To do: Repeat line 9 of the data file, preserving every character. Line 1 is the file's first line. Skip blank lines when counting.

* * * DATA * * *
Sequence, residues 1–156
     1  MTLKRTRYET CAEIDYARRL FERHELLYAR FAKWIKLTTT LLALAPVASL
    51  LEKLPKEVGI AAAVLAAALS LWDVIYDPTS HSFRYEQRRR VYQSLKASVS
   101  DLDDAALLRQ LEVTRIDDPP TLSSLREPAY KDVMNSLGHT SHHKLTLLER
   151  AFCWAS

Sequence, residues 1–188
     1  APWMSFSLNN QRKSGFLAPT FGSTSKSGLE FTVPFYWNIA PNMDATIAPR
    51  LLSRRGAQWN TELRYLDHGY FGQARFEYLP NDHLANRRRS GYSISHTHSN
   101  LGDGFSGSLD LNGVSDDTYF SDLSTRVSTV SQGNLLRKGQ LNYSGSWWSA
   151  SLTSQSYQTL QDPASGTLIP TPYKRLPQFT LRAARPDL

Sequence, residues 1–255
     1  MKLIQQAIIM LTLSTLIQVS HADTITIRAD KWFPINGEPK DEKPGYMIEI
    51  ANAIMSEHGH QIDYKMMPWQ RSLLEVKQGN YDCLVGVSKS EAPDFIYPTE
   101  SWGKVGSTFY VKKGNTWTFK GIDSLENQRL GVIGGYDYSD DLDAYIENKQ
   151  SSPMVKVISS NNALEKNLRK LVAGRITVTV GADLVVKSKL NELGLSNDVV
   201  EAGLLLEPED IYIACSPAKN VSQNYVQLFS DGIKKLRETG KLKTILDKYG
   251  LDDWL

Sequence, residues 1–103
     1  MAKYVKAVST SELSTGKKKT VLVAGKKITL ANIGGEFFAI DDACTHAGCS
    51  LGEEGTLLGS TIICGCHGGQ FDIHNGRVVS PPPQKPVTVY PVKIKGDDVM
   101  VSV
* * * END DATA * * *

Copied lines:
   101  LGDGFSGSLD LNGVSDDTYF SDLSTRVSTV SQGNLLRKGQ LNYSGSWWSA